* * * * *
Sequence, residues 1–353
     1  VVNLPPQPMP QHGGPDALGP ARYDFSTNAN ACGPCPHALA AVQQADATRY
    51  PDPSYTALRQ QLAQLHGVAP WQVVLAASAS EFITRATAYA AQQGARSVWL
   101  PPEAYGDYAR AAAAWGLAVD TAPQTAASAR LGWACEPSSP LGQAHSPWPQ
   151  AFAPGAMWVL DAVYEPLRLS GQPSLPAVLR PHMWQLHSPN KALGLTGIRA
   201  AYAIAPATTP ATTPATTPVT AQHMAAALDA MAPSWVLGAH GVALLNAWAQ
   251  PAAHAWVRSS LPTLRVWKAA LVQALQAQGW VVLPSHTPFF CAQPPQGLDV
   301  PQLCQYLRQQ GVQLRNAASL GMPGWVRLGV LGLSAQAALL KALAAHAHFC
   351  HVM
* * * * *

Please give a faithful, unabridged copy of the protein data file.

Sequence, residues 1–353
     1  VVNLPPQPMP QHGGPDALGP ARYDFSTNAN ACGPCPHALA AVQQADATRY
    51  PDPSYTALRQ QLAQLHGVAP WQVVLAASAS EFITRATAYA AQQGARSVWL
   101  PPEAYGDYAR AAAAWGLAVD TAPQTAASAR LGWACEPSSP LGQAHSPWPQ
   151  AFAPGAMWVL DAVYEPLRLS GQPSLPAVLR PHMWQLHSPN KALGLTGIRA
   201  AYAIAPATTP ATTPATTPVT AQHMAAALDA MAPSWVLGAH GVALLNAWAQ
   251  PAAHAWVRSS LPTLRVWKAA LVQALQAQGW VVLPSHTPFF CAQPPQGLDV
   301  PQLCQYLRQQ GVQLRNAASL GMPGWVRLGV LGLSAQAALL KALAAHAHFC
   351  HVM